Editorial: The governor's next step toward a pension solution
You have to give Gov. Pat Quinn props for keeping attention focused on getting a legislative solution to Illinois' public employee pension crisis. His constant pressure and repeated calls for action have been fraught with myriad political risks and aren't particularly endearing him to either party in the legislature.
Even so, there's an aura of desperation hovering around his call for a June 19 special session, without hint of a break in the logjam holding up competing House and Senate approaches to the problem. After all, under not-so-different circumstances, lawmakers and their leaders demonstrated last August that they're perfectly willing to take the per diems and trek to Springfield for a special session day of achieving nothing on pensions.
But one thing could be different this time — aside from the not insignificant fact that the state's financial condition has only worsened. That is, for Gov. Quinn to take a specific stand himself. Up to this point, the thrust of the governor's message has been that legislative leaders have an urgent duty to put a pension solution on his desk that he can sign. And they do. And, yes, their dig-in-the-heels power struggles have brought us to the impasse wherein we now are mired.
But Quinn has a duty as well, and it goes beyond merely working to, in his words on Saturday, "push and push and push" lawmakers to give him something to sign, while he himself walks a fine line between proposals, rarely showing support even for random details in a specific approach. Indeed, his call Monday for a proposal including both the House and the Senate plans does more to foster the impression of action without identifying it than to move the state toward a viable solution.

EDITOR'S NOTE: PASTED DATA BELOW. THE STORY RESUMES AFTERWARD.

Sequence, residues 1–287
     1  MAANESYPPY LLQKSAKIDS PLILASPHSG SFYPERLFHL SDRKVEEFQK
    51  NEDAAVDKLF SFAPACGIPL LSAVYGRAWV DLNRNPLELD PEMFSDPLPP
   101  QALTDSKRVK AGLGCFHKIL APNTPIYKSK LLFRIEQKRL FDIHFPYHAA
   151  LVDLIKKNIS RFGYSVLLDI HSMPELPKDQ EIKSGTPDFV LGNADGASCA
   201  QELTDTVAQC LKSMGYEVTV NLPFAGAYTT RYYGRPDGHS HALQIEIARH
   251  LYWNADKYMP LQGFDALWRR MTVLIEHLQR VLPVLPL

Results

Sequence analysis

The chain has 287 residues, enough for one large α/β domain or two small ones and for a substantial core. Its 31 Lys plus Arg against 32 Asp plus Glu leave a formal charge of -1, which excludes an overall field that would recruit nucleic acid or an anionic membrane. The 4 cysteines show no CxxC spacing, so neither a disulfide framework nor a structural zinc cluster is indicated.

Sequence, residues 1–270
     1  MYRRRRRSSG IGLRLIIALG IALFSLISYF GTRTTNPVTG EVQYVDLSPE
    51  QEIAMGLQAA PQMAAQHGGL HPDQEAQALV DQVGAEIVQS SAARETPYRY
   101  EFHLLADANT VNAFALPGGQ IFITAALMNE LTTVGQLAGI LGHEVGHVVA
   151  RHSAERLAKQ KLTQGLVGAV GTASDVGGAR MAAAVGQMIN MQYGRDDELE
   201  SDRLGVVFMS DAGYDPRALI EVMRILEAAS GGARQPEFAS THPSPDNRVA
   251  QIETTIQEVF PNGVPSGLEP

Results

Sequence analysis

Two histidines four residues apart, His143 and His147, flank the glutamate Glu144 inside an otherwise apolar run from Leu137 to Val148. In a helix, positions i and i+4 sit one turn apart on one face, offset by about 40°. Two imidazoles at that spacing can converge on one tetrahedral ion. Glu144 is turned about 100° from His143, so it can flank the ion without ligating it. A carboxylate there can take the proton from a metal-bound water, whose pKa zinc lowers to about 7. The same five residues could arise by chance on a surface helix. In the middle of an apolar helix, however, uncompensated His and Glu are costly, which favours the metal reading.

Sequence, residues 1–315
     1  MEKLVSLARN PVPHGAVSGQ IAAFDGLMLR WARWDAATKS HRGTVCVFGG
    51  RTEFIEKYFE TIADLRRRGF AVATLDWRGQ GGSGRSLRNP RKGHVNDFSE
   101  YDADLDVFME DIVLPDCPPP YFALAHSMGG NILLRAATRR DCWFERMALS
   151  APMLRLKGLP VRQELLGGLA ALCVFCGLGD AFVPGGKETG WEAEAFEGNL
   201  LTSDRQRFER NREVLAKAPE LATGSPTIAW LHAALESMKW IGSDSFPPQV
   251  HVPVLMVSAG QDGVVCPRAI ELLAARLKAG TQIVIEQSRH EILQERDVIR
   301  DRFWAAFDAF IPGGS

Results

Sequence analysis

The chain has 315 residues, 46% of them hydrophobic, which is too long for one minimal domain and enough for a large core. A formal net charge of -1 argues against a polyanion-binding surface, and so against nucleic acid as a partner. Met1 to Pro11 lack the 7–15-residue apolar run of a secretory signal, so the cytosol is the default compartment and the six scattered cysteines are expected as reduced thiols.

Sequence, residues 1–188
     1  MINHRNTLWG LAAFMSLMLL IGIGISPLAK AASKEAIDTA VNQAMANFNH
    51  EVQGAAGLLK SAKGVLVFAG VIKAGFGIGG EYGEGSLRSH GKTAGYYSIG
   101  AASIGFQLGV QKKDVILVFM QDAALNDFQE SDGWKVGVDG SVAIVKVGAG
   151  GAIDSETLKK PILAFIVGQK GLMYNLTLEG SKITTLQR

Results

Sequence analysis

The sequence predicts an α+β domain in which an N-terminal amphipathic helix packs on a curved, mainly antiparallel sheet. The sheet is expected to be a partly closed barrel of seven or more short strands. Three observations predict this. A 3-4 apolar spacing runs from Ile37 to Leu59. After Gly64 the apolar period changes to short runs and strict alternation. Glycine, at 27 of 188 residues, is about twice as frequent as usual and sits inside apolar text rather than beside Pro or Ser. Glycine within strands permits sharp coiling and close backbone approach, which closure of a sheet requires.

The governor is in a delicate position, to be sure. He has to urge action while leaving himself room to approve or reject whatever unpredictable legislation that may one day be presented to him. And, he has to do this while managing two political powerhouses, both within his own party.
But as Quinn also has said — and the bonding houses that again downgraded the state's credit last week emphasized — this issue isn't about politics. It's about the financial well-being of the state and of the 13 million people who live, work and do business here.
In their interest, it is not enough just to hope an arbitrary deadline will embarrass lawmakers into almost any action nor to throw up our hands and let the courts decide whether one, both or neither of the competing plans — one of which works and one of which doesn't — is legally acceptable. Quinn is right that Madigan and Cullerton and their separate supporters need to move off the dime on pension reform. But his office also has weight that can prod the moving — and, at that, toward specific action that in his vision has potential to solve the problem. We have said that action should lean strongly toward the proposal approved by the House, and Quinn himself has acknowledged that that proposal's approach is the one that best puts the state on a path to financial recovery. So, hopefully his vision will move the decision in that direction if not toward that plan entirely. But move the decision it must.
Forcing all lawmakers to head to Springfield may have some symbolic value, but history suggests the best hope for such a strategy would require the governor to lock the doors of the Capitol from the outside and refuse to let anyone leave until legislation is moved to his desk. Inasmuch as that is neither likely nor legal, Quinn's next best option is to put his office's own considerable shoulder into advancement of a workable solution.
It's good that he has been demanding action on pensions and that he's reached out to legislative leaders to urge compromise and cooperation. Now, if we really want movement next week, we need the governor to put his office's weight behind something workable and add that to all the pushing he's doing.
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